John Carpenter

Executive Director, Owens Valley Radio Observatory
Department of Astronomy
California Institute of Technology
MC 249-17
Pasadena, CA 91125

Phone: (626)-395-4024
Office: 226 Cahill

  1. List of publications (pdf)
  2. Curriculum Vitae (pdf)
  3. CARMA

Recent Research

The Debris Disk Around HD 107146

My collaborators and I used ALMA to image the 1.3mm continuum emission around the star HD 107146. This star is only about 80-200 Myr old, and has a G2 V spectral type, and therefore is young solar type star. Confirming previous results with CARMA and the SMA, ALMA detected a broad disk that extends from approximately 30 to 150 . However, ALMA also revealed for the first time a local minimum in the dust surface density at a semimajor axis of 80 AU. If this is caused by a planet, it would require a planet with a few Earth masses. [paper]  [ADS]

Asymmetries in Transition Disks

We used ALMA to iamge the dust and molecular gas toward a sample of transition disks surrounding the stars SAO 206462 and SR 21. These ALMA observations resolve the dust-depleted disk cavities and extended gaseous disks, revealing large-scale asymmetries in the dust emission of both disks that may be caused by planetary systems. [paper]  [ADS]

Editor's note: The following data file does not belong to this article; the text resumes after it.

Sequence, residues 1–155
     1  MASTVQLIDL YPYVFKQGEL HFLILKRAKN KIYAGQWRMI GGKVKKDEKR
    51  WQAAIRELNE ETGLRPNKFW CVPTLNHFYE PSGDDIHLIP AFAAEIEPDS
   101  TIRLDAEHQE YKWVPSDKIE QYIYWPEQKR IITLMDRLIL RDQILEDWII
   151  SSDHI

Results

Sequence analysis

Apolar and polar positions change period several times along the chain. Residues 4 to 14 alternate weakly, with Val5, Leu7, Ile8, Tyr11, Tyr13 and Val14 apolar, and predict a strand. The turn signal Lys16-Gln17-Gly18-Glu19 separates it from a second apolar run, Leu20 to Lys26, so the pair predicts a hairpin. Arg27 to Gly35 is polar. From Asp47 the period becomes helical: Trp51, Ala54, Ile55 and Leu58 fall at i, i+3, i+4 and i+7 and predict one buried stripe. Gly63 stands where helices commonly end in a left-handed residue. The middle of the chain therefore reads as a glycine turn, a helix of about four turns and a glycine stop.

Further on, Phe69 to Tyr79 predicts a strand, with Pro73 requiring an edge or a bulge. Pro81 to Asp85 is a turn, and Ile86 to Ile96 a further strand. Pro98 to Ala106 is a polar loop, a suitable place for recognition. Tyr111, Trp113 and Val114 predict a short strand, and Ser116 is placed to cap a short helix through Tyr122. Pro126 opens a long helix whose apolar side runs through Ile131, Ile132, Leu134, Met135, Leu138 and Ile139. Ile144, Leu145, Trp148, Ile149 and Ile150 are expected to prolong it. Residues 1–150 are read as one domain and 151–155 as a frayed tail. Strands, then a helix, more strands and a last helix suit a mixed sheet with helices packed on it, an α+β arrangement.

Evolution of Primordial Disks

We used to ALMA to image the 880 micron continuum of 20 K- and M-type stars in the Upper Scorpius OB association (Upper Sco) that are surrounded by protoplanetary disks. These data were used to measure the dust content in disks around low-mass stars (0.1-1.6 Msun) at a stellar age of 5-11 Myr. Thirteen sources were detected in the dust continuum at > 3 sigma, with inferred dust masses between 0.3 and 52 Earth masses. The observations suggest the dust masses around solar type stars are about a factor of two lower in Upper Sco compared to 1-2&nbps;Myr regions (Taurus), and observations are underway to further determine the significance of this result. [paper]  [ADS]

Structure of the Orion Molecular Cloud

I am leading a collaboration to mosaic with CARMA the molecular clouds found in Orion and the North American Nebula. By combining the data with single dish images, we can recover both the large and small scale cloud structure. A preliminary image for a small portion of the Orion mosaic when combined with data from the Nobeyama Radio observatory is shown on the left.